Better Together

St. Paul is the Christian Church’s preeminent missionary. He traveled extensively throughout Asia Minor and Europe on his missionary journeys as he established congregations and set in place pastors to oversee the spiritual care of the flocks in the various cities. But,he also returned to many of the churches that he had established to encourage them in their work.

Additionally, he maintained an extensive correspondence with those congregations, but also congregations
he had yet to visit. St. Paul never understood the Church exclusively as a congregation. He certainly
addressed his letters to local congregations that he identified as churches. But he also understood that
the individual congregations were part of something larger.

To the church at Corinth, St. Paul wrote, “Now there are varieties of gifts, but the same Spirit; and there are varieties of service, but the same Lord; and there are varieties of activities, but it is the same God who empowers them all in everyone. To each is given the manifestation of the Spirit for the common good.” (12:4-7) However,
the understanding of the varieties of gift or the common good should not be limited to a single congregation.
A broader view of church than simply a single congregation would make possible many new opportunities for service to the same Lord and God and for a true common good. Jim Tomberlin and Warren Bird write in their book, Better Together, “Churches…are sensing that they could fulfill their God-given mission better together than separately, and they’re exploring new ways to join forces for the advancement of God’s kingdom.”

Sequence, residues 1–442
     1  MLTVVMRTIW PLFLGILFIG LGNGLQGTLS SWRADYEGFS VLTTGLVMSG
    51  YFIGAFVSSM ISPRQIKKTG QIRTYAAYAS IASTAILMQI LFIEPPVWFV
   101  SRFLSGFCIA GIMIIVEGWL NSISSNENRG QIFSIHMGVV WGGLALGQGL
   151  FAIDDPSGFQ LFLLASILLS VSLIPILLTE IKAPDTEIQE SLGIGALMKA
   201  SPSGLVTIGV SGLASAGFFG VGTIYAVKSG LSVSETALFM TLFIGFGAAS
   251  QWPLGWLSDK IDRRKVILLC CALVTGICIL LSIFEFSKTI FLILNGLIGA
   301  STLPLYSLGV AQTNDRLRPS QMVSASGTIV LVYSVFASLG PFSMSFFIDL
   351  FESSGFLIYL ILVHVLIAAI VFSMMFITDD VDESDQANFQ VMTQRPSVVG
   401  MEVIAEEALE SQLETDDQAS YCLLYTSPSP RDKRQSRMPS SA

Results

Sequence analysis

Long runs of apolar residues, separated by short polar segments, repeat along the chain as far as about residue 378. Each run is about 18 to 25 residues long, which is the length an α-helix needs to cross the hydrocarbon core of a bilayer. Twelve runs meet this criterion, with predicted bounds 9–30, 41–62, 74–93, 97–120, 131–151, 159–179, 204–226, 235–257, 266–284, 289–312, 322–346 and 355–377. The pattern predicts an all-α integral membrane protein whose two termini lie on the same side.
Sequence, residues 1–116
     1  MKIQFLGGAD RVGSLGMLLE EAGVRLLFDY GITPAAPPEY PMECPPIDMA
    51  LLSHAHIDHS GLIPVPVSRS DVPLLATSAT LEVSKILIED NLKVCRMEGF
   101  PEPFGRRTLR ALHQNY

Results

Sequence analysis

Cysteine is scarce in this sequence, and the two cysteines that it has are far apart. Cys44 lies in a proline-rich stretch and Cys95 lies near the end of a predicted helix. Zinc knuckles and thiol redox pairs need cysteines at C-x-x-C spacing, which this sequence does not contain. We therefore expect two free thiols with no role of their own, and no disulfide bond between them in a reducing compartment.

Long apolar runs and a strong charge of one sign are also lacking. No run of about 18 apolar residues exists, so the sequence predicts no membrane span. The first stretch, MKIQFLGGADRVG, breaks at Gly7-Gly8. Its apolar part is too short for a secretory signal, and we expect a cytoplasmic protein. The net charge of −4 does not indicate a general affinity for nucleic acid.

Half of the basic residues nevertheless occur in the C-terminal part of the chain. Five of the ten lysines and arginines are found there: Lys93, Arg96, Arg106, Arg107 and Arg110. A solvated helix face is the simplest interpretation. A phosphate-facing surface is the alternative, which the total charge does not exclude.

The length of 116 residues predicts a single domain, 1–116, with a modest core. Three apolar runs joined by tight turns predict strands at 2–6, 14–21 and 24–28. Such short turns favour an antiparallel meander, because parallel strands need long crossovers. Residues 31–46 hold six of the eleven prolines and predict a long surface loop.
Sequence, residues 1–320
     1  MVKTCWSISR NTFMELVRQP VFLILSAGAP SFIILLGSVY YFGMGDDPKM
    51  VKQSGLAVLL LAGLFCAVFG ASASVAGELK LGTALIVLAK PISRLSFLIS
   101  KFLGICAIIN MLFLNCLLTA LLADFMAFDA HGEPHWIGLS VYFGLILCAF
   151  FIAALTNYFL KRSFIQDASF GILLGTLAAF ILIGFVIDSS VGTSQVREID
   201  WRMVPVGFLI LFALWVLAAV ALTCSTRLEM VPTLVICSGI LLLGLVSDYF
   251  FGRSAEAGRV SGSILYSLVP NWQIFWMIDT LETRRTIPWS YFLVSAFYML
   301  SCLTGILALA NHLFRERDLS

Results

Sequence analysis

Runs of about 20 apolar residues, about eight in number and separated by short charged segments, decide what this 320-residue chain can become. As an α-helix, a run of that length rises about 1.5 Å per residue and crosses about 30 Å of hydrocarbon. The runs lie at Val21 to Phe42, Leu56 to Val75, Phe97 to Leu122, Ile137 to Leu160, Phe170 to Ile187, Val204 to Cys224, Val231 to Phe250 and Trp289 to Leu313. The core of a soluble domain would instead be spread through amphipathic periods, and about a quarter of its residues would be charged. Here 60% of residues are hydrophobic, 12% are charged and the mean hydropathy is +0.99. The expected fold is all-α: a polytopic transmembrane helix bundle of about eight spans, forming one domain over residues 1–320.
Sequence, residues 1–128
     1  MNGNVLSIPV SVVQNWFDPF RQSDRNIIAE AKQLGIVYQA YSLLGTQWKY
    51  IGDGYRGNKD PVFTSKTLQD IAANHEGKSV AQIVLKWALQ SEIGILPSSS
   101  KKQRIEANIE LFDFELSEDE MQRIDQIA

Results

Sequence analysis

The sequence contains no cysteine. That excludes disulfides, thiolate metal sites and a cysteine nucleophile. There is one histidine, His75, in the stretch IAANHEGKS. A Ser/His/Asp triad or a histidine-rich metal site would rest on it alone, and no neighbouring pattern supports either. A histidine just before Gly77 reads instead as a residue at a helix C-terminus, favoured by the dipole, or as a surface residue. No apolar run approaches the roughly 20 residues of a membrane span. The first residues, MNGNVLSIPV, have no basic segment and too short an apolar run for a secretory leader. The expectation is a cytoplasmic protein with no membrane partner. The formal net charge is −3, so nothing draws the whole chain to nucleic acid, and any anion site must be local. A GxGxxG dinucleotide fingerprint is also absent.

We have examples of such shared ministry across Missouri. From association schools and LWML zones
to circuit youth events and Mission Action Groups, there are positive collaborations where the variety of gifts from a number of congregations are shared for a common good and mission. But there are also examples of large churches and small churches sharing pastors, community outreach and new mission starts.

Two great legacies in the history of the Lutheran Church—Missouri Synod are our unwavering commitment to
the Word of God and our missionary zeal. Our shared commitment to the Word of God and mission allows
us to look for ways in which we can serve better together than separately. My hope is that we would work to share our resources and gifts for the sake of the common good as we proclaim the Gospel in our congregations, schools and communities. Shared ministry and shared mission are the fruits of our shared confession of the faith. May the Lord strengthen us through His Word so that we may “maintain the unity of the Spirit in the bond of peace” (Ephesians 4:3) that we might be better together!

Fraternally in Christ,


President Lee Hagan

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